There's a lot to untangle in the connection with FBC Jacksonville and FBC Fairview Heights. For starters, both Heath and I are from Louisville KY. We attended the same middle school. We were at rival high schools (duPont Manual and Louisville Male). We both attended Southern for our masters and doctoral degrees. We both out kicked our coverage in marriage. We both love our families. Heath has the lead in brain surgeries though, and I'm not interested in competing with him on that!
FBC Fairview Heights has a lengthy history as well. It's not nearly as star-studded or influential within the Convention as FBC Jax, but it's been a constant in the Southern Illinois area since before Lincoln was born, and in its current identity for almost 175 years. Its history and influence has been more local and regional than national, but it's a church with a worthy heritage. We were blessed during the season before our arrival with an incredible amount of assistance and support from the Illinois Baptist State Association, in no small part because they also recognized the strategic importance of FBC Fairview Heights moving forward and the historic importance the church has served in the state.
One of the areas where FBC Jax and FBC Fairview Heights overlap is a long period of decline. Most churches will experience periods of decline at some point. Even during their heyday, it's hard for a church to sustain year over year growth for long periods of time. That's why so few churches sustain multigenerational growth trends. They come. They go. They ebb. They flow. They reflect economic trends of jobs in the community, they're often tied to a visionary leader (Homer Lindsay at FBC Jax and Charley Westbrook at FBC Fairview Heights), and they come through a blend of conversion and transfer growth. People are coming to Christ and joining, and people are moving to the area and joining to share and participate in the church's mission. Much like a movement of revival or a really special point in history, it's rarely sustained.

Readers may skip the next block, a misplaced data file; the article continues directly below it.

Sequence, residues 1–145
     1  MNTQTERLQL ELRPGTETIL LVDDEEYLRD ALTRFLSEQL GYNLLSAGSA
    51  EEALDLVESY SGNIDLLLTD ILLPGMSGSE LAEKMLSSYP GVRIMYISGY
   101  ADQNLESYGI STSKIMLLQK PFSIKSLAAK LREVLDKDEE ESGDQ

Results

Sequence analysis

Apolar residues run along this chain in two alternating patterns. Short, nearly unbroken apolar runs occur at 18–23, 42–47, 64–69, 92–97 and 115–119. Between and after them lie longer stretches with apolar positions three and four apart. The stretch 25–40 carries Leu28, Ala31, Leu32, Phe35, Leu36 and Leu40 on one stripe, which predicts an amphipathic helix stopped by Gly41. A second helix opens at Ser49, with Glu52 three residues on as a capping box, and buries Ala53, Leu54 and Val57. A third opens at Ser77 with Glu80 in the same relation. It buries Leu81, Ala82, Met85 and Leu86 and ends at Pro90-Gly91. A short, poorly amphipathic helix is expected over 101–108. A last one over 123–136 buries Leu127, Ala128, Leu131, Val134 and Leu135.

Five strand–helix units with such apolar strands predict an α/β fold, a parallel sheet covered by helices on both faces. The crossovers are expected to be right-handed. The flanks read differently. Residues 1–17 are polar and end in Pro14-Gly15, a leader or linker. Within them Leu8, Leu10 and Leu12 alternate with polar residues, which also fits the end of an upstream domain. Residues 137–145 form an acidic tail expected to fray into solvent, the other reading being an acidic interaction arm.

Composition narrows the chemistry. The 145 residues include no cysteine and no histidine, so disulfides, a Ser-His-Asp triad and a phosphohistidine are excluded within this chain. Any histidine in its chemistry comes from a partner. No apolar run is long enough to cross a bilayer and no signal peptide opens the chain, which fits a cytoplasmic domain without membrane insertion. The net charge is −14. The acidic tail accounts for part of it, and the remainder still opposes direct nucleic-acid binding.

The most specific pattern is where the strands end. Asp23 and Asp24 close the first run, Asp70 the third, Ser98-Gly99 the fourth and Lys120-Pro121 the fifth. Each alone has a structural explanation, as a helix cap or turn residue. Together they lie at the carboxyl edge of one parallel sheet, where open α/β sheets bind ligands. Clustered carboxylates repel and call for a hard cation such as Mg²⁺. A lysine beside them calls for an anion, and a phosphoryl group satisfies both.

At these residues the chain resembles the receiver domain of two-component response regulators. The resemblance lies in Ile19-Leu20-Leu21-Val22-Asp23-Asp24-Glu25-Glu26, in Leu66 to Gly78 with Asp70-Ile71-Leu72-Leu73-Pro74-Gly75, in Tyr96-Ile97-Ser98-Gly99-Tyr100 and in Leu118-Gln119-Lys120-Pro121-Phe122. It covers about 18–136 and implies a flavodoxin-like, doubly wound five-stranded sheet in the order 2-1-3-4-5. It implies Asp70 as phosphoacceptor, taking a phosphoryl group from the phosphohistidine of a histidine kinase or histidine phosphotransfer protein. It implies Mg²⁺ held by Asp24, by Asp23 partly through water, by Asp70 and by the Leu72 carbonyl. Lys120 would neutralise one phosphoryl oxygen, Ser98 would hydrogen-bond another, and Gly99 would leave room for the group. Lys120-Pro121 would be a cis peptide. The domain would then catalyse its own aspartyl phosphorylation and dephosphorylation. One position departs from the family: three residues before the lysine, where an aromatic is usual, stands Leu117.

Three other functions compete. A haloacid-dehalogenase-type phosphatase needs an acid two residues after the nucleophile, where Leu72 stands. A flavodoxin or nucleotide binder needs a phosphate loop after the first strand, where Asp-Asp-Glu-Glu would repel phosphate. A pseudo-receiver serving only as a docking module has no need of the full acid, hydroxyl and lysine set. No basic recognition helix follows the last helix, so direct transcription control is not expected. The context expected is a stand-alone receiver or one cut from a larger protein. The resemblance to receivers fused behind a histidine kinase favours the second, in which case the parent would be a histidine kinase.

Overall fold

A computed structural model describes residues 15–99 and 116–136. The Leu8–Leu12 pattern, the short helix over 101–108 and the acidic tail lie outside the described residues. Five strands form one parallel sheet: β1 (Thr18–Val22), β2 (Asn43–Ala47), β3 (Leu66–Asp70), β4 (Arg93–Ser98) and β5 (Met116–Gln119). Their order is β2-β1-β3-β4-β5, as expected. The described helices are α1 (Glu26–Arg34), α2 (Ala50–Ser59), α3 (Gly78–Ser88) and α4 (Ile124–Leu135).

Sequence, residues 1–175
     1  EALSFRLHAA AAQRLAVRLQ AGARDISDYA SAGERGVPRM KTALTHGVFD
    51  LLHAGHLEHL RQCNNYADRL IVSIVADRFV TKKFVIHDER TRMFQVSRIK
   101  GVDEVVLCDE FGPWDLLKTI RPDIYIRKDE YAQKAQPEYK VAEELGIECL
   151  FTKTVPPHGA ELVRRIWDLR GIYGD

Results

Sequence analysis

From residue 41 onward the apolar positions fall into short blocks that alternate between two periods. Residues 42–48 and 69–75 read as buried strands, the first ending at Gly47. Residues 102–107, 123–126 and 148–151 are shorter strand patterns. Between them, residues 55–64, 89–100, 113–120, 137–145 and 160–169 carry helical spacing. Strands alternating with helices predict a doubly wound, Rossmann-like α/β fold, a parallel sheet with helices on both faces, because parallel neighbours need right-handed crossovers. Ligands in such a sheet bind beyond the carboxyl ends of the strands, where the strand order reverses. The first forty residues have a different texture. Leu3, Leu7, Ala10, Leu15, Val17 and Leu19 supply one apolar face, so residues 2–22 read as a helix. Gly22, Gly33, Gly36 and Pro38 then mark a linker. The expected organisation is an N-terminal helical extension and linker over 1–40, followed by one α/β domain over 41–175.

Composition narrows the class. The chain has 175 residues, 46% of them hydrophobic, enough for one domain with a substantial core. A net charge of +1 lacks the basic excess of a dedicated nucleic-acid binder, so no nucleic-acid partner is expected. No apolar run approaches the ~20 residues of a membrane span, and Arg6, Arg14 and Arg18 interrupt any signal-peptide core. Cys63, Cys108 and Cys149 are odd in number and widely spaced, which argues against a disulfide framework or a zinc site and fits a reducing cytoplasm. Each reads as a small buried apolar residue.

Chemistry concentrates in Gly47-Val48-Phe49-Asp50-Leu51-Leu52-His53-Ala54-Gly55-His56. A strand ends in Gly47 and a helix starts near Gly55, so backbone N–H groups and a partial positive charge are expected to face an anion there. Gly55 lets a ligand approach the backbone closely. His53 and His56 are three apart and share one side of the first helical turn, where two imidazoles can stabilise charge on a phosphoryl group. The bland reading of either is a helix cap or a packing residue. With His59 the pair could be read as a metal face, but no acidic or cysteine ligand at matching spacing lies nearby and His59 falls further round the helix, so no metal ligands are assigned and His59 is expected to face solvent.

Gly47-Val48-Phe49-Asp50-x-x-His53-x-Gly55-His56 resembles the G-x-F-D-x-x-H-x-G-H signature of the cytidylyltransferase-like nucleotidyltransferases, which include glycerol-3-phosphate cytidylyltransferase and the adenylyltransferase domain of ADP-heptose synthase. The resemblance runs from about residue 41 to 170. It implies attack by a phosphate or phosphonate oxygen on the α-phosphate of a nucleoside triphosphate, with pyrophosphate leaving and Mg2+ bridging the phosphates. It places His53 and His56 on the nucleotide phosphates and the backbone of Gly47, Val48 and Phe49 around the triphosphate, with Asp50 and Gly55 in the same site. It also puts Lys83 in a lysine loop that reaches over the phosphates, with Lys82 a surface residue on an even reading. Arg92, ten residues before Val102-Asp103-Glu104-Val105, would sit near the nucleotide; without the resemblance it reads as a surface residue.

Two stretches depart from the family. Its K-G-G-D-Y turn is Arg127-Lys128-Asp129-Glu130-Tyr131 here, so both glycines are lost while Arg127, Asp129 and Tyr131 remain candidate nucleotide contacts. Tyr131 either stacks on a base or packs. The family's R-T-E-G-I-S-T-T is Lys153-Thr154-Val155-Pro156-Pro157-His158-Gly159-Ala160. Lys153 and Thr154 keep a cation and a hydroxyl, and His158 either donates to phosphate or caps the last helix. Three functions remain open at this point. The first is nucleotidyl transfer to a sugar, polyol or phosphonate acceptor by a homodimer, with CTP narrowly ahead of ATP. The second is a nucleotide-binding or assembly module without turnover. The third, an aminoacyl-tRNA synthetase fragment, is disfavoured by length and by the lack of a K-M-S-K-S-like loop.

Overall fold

Those names requesting to leave their membership, who moved away, who left because of decisions or conflict or discouragement or who never gave a reason, all of them were friends with people who stayed. And those who stayed through all of the hardship have stories of heartbreak, sometimes even within their own family. That discouragement wasn't abstract, it was real and personal. My heart sank a few weeks ago when a teenager in our church shrugged and said "Who cares? It's not like anyone stays." FBC Jax, a stalwart in Florida and a miracle in downtown Jacksonville, experienced much of the same. And their decline started during a season where everyone felt like things were going well. Heath talks about a picture that arrested him because he realized the church was already several years into its decline and people still thought of it as the heyday. FBC Fairview Heights likely has a similar picture from 2006 when its decline was picking up steam but wasn't noticed.
I've been blessed to come into a situation where the sense was more optimistic to the future of what could happen at our church. We still have a larger facility and deferred maintenance we're catching up on, but thankfully we don't own 12 blocks with parking garages. That optimism didn't come because of us or the search team, it came because the church finally had enough of decline and had enough of the way things had always been. They got serious about it and put together a Re-Focus Team, working with the state convention and key leaders to work through where we'd been and what could happen in the future. They identified 5 key findings: